Foundation In Digital Art

Embark on a captivating journey into the vibrant world of digital art! Our Foundation in Digital Art workshop invites budding creatives aged nine and above to unleash their imagination and hone their artistic skills in a dynamic, supportive environment. From mastering basic digital tools to crafting mesmerizing digital masterpieces, children will explore a spectrum of techniques guided by seasoned mentors. Through hands-on activities and interactive sessions, participants will discover the endless possibilities of digital expression while fostering creativity and critical thinking. Join us for an exhilarating adventure where young artists transform ideas into stunning visual realities, igniting a passion for digital art

Colour & Texture Exploration With Acrylic Painting & Collage

Prepare to unleash your inner artist in a kaleidoscope of color and creativity with ‘Colour Blast: Acrylic Painting & Collage Techniques’! Dive into a whirlwind adventure where vibrant hues and mesmerizing textures collide in a symphony of imagination. From mastering the art of seamless color blending to discovering the magic of mixed media collage, this journey is a playground for your artistic soul. With each brushstroke, explore new techniques that breathe life into your canvas, transforming it into a vibrant tapestry of expression. Join us and let your creativity run wild as you embark on this colorful escapade!”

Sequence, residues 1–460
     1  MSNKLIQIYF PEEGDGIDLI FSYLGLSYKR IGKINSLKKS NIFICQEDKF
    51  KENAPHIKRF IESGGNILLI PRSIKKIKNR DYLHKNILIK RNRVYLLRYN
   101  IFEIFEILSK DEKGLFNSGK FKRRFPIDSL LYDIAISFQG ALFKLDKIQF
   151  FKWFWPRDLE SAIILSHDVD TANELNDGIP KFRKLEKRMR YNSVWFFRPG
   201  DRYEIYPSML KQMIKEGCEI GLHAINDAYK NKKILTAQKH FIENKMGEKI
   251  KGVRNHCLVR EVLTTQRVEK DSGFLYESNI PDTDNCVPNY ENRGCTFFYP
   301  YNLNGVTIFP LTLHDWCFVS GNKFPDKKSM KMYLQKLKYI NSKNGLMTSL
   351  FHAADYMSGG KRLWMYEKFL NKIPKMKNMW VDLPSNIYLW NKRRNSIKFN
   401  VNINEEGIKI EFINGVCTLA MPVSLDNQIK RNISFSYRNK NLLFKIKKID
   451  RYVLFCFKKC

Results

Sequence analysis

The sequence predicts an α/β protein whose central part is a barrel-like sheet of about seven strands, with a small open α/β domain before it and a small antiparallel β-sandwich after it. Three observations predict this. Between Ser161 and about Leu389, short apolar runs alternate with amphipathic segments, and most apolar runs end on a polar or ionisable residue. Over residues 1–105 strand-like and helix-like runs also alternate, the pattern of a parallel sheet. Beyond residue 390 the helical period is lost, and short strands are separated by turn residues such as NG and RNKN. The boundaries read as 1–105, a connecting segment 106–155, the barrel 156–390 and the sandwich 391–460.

World of Manga [Foundation & Styling]

A manga art workshop for children and teenagers sounds like a fantastic idea! Here’s how you might structure it:
Introduction to Manga: Begin by introducing what manga is, its history, and its influence on popular culture worldwide. Show examples of different manga styles and genres to give participants an overview.
Basic Drawing Techniques: Start with the fundamentals of drawing, such as line work, shapes, and proportions. Provide step-by-step instructions on how to draw basic manga characters, focusing on simple shapes that can be built upon.
Character Design: Move on to character design concepts, including creating unique characters, designing their personalities, and developing backstories. Encourage participants to get creative and think outside the box.